5 serialisation lessons food and beverage manufacturers can learn from the healthcare industry

The healthcare industry has long been celebrated as the leader in serialisation.  So if you want to export products to overseas markets with serialisation requirements, no matter your industry, it pays to look their way for some valuable pointers.     

With recent news about China’s exploding demand for Australian baby formula, the spotlight has once again landed on authentication. Especially when memories of the melamine trauma are still so raw. In 2008, Chinese authorities discovered that milk and infant formula included the industrial and toxic chemical melamine. Six infants died from kidney stones and kidney damage and an estimated 54,000 babies were hospitalised. It was later discovered that some 18 Chinese local dairies were adding this chemical to products.

Since then, there has been a “gold rush” in baby formula and milk into the country from overseas, especially Australia and New Zealand. Many Chinese mothers rely on a regular supply of Australian-made infant formula, which they believe to be superior to local products. The bottom line is they can’t trust milk powder made in China.

However, while consumers trust imported goods, China’s food regulator remains very nervous. Australian companies face strict regulations from Chinese authorities to be able to export to the country. Products must pass China’s food serialisation and track and trace regulations to ensure their consumers are protected from potentially unsafe and counterfeit products. (See here how Camperdown Dairy has used QR codes and serialisation as an anti-counterfeit measure on infant formula exported to China.)

Here’s the bottom line: for processors want to export to China and other overseas markets, it’s never been more important to implement serialisation. 

Serialisation is the process of putting a unique mark at various packaging levels. There are many reasons to serialise, but arguably the most important are authentication and traceability. Serialisation effectively puts the supply chain in lock-down, making it more difficult and less financially viable for counterfeiters to enter. This helps minimise the risk to consumers and improve consumer safety, while also protecting the brand.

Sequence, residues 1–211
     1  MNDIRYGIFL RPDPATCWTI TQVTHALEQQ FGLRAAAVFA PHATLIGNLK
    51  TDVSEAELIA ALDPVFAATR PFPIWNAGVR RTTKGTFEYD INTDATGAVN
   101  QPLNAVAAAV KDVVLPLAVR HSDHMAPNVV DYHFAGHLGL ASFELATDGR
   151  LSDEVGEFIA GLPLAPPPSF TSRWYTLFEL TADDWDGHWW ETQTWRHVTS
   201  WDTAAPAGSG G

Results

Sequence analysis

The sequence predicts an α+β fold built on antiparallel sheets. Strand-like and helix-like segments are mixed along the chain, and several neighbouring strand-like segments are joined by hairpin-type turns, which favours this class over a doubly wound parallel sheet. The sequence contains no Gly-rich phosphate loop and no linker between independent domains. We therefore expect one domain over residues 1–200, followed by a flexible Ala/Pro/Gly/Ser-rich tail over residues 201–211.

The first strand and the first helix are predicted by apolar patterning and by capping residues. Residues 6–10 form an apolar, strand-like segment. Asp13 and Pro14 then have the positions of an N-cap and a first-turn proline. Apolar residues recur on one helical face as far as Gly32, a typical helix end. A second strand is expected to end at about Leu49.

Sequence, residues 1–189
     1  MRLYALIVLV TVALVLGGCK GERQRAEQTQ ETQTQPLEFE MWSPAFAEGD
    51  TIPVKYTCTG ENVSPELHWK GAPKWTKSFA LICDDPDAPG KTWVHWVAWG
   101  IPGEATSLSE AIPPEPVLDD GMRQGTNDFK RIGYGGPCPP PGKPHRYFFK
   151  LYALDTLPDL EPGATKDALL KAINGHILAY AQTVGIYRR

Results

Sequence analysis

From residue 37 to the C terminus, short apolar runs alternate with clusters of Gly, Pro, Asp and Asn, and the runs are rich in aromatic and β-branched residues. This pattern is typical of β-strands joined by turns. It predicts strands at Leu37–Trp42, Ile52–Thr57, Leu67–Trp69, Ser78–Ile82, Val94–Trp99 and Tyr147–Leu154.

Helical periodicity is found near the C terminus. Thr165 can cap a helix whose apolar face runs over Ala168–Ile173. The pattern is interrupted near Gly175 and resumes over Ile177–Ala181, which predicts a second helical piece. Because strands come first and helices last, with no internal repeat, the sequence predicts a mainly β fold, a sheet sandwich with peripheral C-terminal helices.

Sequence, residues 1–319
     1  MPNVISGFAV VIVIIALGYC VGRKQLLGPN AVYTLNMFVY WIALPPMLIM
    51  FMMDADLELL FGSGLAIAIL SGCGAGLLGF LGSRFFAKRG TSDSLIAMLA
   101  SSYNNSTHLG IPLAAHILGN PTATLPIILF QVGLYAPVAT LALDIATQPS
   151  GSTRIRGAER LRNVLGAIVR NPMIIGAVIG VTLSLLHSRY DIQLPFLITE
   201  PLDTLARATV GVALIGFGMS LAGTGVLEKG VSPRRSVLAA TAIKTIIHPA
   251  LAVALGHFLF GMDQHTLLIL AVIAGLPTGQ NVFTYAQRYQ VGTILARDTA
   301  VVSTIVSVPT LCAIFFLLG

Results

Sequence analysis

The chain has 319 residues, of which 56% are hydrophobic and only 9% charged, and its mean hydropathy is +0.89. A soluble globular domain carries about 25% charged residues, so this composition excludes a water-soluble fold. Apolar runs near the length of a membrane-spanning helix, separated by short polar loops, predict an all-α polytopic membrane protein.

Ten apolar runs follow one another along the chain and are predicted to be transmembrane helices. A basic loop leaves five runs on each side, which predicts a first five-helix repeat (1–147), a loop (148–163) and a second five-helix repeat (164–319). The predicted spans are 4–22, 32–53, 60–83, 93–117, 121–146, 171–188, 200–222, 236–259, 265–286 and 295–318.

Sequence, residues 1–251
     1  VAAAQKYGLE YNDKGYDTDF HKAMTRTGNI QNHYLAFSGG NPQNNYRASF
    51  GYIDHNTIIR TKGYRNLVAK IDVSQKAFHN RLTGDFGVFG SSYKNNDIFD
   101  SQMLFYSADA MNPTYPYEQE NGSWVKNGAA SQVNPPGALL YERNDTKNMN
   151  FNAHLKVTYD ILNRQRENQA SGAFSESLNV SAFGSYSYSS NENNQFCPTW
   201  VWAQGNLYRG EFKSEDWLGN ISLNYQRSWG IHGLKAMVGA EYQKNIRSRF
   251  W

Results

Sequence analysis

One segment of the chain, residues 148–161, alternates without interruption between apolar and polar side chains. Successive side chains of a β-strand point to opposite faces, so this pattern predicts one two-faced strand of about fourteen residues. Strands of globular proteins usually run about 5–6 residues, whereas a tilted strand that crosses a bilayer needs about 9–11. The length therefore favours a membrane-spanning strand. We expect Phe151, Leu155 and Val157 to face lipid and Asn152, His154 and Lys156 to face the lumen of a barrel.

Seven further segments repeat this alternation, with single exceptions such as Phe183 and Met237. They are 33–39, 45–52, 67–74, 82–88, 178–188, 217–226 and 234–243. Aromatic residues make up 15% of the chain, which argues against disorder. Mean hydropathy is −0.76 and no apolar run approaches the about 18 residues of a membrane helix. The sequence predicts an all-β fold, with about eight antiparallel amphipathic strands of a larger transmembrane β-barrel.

The healthcare industry is the “poster boy” of serialisation, with well-defined processes and standards across the industry – especially in the
pharmaceuticals sector. It might not be perfect (and indeed probabl
y never will be, given the complexity of the industry) but healthcare players are continuously improving and developing their approach in order to enhance patient safety.
Try scanning the demonstration QR code below right.

demo QR code how wine makers can beat the counterfeitersIf you’re considering serialisation – and any would-be exporters should be – here are five lessons you can learn from the healthcare industry:

  1. Be flexible

When properly implemented, serialisation should allow manufacturers to prepare a serialised item to meet any country’s rules and regulations, now and in the future, without having to start over each time. The key here is flexibility: don’t design and build a system that complies with the regulations of one country, but won’t handle future laws of other countries you may want to export to.

For example, in 2015, South Korea introduced a requirement for serialisation of medicine packs to protect against counterfeiting and provide a more secure supply chain. All products must be serialised by the end of 2015. So leading pharmaceutical companies are thinking beyond the imminent U.S. requirements and looking at how their systems will support regulations around the globe.

The best approach is to keep abreast with regulations in all countries you might export to. Because if you are ready to export when the time is right, you could get the jump on your competition.

  1. Take a structured approach